Long gone are the days when Rachmaninov’s Vigil was a rarity among Western choirs; it has assumed, rightly, the status not only of a choral classic, but of a masterpiece of choral writing that transcends rites, genres and languages. While the field is, indeed, now somewhat crowded, these new recordings are very welcome additions.
The London Symphony Chorus, under Simon Halsey, show not only evidence of great familiarity with the performing and recorded tradition of the work in terms of pacing and rhetoric, but also an injection of peculiarly British choral timbre, which brings a welcome and different perspective. There is, for example, a clear awareness of the Russian tradition behind the way the emphasis is accorded to the ‘Alleluias’ of the third movement, ‘Blazhen muzh’, just as there is in the way alto soloist Christine Jasper approaches the solo writing in the preceeding movement, ‘Blagoslovi, dushe moya’. In that same movement, however, the upper voices are characterised by a sound that is very far indeed from that of Russian choirs, and Slavic choirs in general, lighter in colour and, at times, suggestive of boy trebles. The men do achieve a darker sound, essential in this work – of fundamental importance, indeed – in several of the moments, not least the ‘Nïne otpushchayeshï’, with the famous low B flat for the basses that even shocked the work’s first conductor, Danilin, when he saw the score. Here Dan Owers makes a fine job of the solo tenor part, but I feel that the pace is a little faster than is ideal, though in general speeds are very well judged indeed.
Tuning throughout is superb, as it needs to be with the kind of octave duplication so characteristic of Rachmaninov’s ‘choral orchestration’. Only one element in this fine recording needed more work, and that is pronunciation: vowels are consistently English-inflected, and there is little sign of the dark Russian ‘l’.
The recording by the Saint Thomas Choir, under the much-missed John Scott, is, predictably, completely different. The only other comparable version, of an entirely male choir with boy trebles, is that of King’s College, Cambridge, recorded in under Stephen Cleobury in 1999 (EMI/Warner, 4/99), though the sound of the two choirs is quite different, principally because of the brightness of the King’s trebles; the Americans have a rather smoother, more rounded timbre.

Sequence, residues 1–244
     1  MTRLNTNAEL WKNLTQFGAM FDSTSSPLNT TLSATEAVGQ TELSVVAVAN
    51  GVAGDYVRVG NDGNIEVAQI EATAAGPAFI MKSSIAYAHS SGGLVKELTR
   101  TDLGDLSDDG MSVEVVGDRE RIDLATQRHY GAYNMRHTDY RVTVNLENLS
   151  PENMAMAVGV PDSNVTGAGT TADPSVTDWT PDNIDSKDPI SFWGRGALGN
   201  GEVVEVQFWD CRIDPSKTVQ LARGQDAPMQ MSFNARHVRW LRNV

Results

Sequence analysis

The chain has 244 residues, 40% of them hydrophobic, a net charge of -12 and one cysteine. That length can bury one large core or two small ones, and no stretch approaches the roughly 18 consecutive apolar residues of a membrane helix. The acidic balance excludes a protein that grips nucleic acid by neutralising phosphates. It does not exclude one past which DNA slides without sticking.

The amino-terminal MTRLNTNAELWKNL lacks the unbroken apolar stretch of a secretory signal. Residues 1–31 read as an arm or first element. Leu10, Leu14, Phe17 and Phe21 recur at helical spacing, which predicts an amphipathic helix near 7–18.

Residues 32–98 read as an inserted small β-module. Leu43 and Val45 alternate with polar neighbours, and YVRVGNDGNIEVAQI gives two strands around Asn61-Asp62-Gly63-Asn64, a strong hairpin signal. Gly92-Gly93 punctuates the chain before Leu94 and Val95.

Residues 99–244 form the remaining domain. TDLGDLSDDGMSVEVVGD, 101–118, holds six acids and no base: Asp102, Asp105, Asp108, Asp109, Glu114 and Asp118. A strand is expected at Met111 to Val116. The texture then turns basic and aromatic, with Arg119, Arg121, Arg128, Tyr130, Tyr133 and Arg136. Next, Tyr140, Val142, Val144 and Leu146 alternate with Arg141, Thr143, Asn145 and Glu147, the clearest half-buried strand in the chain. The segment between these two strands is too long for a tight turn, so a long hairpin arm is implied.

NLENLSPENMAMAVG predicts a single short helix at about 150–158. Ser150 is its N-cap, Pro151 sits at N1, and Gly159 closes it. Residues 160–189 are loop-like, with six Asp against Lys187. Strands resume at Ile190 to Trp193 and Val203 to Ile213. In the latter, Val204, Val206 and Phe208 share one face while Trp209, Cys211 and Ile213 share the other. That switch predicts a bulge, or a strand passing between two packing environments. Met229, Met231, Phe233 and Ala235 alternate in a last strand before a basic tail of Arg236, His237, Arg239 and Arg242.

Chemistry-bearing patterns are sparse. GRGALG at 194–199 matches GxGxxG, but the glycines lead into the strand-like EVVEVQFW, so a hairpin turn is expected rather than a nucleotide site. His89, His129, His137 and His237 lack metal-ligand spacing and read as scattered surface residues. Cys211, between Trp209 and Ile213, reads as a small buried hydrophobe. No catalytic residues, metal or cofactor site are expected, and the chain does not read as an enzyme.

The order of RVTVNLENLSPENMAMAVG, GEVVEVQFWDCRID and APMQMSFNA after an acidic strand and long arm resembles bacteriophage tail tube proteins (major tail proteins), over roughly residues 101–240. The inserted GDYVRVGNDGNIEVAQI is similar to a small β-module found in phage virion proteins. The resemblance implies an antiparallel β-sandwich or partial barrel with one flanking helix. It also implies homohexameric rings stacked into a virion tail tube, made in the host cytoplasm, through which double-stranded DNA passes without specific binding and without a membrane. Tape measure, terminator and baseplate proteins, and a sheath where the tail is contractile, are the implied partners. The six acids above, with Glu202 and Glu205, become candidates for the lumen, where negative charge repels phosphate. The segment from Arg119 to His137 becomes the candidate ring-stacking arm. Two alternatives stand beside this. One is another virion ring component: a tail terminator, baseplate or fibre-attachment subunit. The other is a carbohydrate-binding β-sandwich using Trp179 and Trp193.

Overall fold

Unlike Halsey, Scott includes the opening blessing, to which the choir’s ‘Amin’ and subsequent invocation are a response. These are followed by a rendition of ‘Blagoslovi, dushe moya’ that is daringly slow; Scott knew the capabilities of his singers, however, and it works superbly, with Ory Brown the excellent soloist. ‘Blazhen muzh’ really shows the choir at its most Anglican-sounding, so to speak, in that the countertenors have a particularly important role here, the trebles appearing for the refrains; ‘Blagosloven yesi, Gospodi’ and the opening of the ‘Nïne otpuschayeshï’ also show the countertenors off particularly well, though the rocking motion of the rhythmic groupings in the latter is phrased in slightly too exaggerated a fashion, and soloist David Vanderwal also overdoes the portamento for my taste. The basses, reinforced by the extraordinary Glenn Miller, cope more than creditably with the passage down to the low B flat, though Halsey’s team is just as convincing. Memorable passages from elsewhere in the recording include a slow-paced, blazing rendition of ‘Slava v vyshnïkh Bogu’, a truly incandescent yet taut ‘Khvalite imya Gospodne’ and a beautifully poised ‘Velichit dusha moya’ in which the basses are particularly outstanding.
The recording, made in Saint Thomas’s in 2008, is as clear as a bell, every detail audible, and the detailed notes are by Scott himself. It is a magnificent rendition, showing just how this masterpiece has been convincingly absorbed into the wider choral tradition, and I recommend it very highly indeed.